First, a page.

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Subject: The Moto-Tug Story

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Tim Daley(MI)    Posted 01-15-2010 at 13:28:36 [URL] [DELETE]        [Reply] [Email]  
  • The Moto-Tug Story
  • As I pursued the topic on the Ford-Ferguson Moto-Tug, I discovered a book recently published ( September 2009 ) by a gentleman named Timothy J. O'Callaghan, who being a U.S. Army veteran,also spent 40 years working for Ford Motor Company in management until he retired in 1990. In 1980 he became interested in Ford aviation and shortly after retiring from Ford, volunteerd at the Benson Ford Research Center, of The Henry Ford, in Dearborn, Michigan. He was asked to bring some order to the collection of aviation photographs and documents that were virtually setting in boxes,unorganized, for years. With plenty of time, he was thrilled to be asigned the project and soley put all their documents and photos on WWI and WWII in order. The reward for his efforts are two books ( so far ) and a DVD on the Ford Motor Company's involvement with war production military vehicles, aircraft, and numerous other projects. .

    I looked up Mr. O'Callaghan since he lives only about 75 miles southwest of me and we talked extensively on a few occasions about Ford, WWII, and, specifically, the Moto-Tug. He was kind enough to send me copies of the original Ford documents on the Moto-Tug he had for part of his reaerch for his latest book, "FORD In The Service Of America". He gratiously granted me permission to reprint them as long as I did not use the actual original documents and also to be sure to credit the Benson Ford Research Center, which I have credited for the information. Here is a scan of his current books' cover. What follows are the original Moto-Tug story, the Timeline, and two stories from a business magazine. These are the only documents he found dealing with the Moto-Tug development and production.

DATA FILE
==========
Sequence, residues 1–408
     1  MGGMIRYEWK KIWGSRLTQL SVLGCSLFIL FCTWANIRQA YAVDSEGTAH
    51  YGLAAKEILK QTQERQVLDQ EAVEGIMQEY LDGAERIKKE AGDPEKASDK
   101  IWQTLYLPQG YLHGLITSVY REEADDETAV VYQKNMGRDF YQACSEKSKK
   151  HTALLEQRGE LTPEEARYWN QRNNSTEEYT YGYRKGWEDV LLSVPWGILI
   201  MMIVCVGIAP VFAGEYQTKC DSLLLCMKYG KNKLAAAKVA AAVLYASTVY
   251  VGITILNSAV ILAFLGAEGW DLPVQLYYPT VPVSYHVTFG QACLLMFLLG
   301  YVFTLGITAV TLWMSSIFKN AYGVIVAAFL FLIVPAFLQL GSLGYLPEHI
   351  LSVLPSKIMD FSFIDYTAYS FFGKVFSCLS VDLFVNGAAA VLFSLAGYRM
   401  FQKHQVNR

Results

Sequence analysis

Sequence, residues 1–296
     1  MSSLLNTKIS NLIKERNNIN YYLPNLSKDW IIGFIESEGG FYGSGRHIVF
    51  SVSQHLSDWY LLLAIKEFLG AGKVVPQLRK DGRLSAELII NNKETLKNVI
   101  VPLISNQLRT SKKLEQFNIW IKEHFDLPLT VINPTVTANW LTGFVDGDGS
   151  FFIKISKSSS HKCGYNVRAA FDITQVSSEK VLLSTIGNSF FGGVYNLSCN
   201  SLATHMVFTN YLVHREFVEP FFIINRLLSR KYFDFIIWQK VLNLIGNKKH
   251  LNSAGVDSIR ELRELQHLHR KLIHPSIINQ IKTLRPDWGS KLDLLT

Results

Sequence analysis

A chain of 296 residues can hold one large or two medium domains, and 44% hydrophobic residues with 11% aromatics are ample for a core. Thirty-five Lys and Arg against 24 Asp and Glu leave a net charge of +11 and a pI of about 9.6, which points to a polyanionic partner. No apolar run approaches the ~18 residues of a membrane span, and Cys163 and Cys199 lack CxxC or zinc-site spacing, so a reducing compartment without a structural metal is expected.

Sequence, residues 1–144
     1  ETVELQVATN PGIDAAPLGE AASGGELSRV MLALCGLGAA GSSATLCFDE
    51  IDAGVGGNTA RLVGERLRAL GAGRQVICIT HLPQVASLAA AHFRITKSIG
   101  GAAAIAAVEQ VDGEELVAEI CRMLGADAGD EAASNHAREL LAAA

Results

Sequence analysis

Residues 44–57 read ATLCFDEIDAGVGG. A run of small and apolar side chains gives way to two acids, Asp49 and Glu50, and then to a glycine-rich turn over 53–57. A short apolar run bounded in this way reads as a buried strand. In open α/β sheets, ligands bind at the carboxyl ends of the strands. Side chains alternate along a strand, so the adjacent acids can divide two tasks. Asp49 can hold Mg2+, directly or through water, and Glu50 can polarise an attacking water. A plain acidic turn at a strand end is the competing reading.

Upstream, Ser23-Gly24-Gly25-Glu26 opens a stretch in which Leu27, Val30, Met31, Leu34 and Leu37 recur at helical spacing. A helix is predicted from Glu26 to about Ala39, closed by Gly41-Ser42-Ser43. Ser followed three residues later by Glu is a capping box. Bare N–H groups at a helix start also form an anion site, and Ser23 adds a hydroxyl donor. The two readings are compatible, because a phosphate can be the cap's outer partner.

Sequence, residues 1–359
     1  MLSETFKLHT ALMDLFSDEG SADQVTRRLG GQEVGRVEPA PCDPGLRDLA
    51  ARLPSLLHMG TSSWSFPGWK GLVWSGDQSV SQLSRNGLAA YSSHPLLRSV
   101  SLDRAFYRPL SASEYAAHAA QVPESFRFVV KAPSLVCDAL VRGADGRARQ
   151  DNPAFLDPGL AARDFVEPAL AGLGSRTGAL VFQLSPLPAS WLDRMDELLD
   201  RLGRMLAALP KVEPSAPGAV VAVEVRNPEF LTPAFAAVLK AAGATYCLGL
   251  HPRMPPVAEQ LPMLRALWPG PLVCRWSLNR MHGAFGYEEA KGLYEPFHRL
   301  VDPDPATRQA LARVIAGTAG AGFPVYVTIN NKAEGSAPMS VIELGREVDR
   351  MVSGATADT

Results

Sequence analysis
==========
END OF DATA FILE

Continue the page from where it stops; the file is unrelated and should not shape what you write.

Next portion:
Mr. O'Callaghan has another book, "The Aviation Legacy of Henry & Edsel Ford, for $15.00 plus $3.00 S&H as well as his current book for $35.00 plus $3.00 S&H. He will personlly sign the book(s) and his mailing address is:

    T & D Associates
    c/o Tim O'Callaghan
    PO Box 512
    Northville, MI 48167

    He also has a web site, www.fordatwar.com

    If you are interested in the Ford Moto-Tug and/or the many, many pots Ford had their hands in for war production items, pick up these books. "Ford In The Service Of America" comes in at 198 pages and that includes the index, but there is a ton of information packed into this little gem. The Moto-Tug 'chapter' is only three paragraphs and one photo of a B-24 being towed by a Tug, but based on the little information he had to work with, you couldn't expect much more. Meanwhile, I hope you enjoy reading these documents as much as I did.

    Tim Daley(MI)

    *9N653I* & *8NI55I3*

    Tim Daley(MI)    Posted 01-15-2010 at 13:52:10 [URL] [DELETE]        [Reply] [No Email]  
  • The Moto-Tug Story -Pages 1-3

  • Tim Daley(MI)    Posted 01-15-2010 at 13:56:56 [URL] [DELETE]        [Reply] [No Email]  
  • The Moto-Tug Story -Pages 4-6

  • Tim Daley(MI)    Posted 01-15-2010 at 14:12:01 [URL] [DELETE]        [Reply] [No Email]  
  • The Moto-Tug Story -Supplement -TimeTable
  • This is the supplement to The Moto-Tug Story showing the timline from the cradle to Columbus. Robert Johnston II aka 'Paladin' here, says the four models were the BNO-25 and the BNO-40, as stated in the article, and also the BNOS-25 and the BNOS-40. The 'S' models had solid cast iron wheels and hard rubber tires.

    Also, it is important to remember that Ford Motor Company shut down all civilian car and truck production on February 10, 1941, to devote the lines to produce war implements.

    Paladin (Bob In PA)    Posted 01-15-2010 at 21:51:22 [URL] [DELETE]        [Reply] [Email]  
  • Re: The Moto-Tug Story -Supplement -TimeTable
  • Tim:

    Yes, there were four models, the BNO-24 and the BNO-40, and also the BNOS-25 and BNOS-40.

    The parts manuals have all four models covered. Actually, the "S" variants seem to have differed only in that they had solid cast iron wheels with hard rubber tires.

    The ONLY, repeat ONLY surviving "S" variant that I know of is owned by an N tractor collector in Las Vegas. He emailed me perhaps a year ago that he had bought this tractor in CA and that it supposedly had spent its life working in a shipyard or dockyard in Long Beach. Sadly, the cast iron wheels are long gone and it has been fitted with regular tractor wheels.

    Tim Daley(MI)    Posted 01-15-2010 at 14:19:21 [URL] [DELETE]        [Reply] [No Email]  
  • Ford's New "Mule"
  • Two articles from the Michigan Manufacture Financial Record -

    Tim Daley(MI)

    *9N653I* & *8NI55I3*

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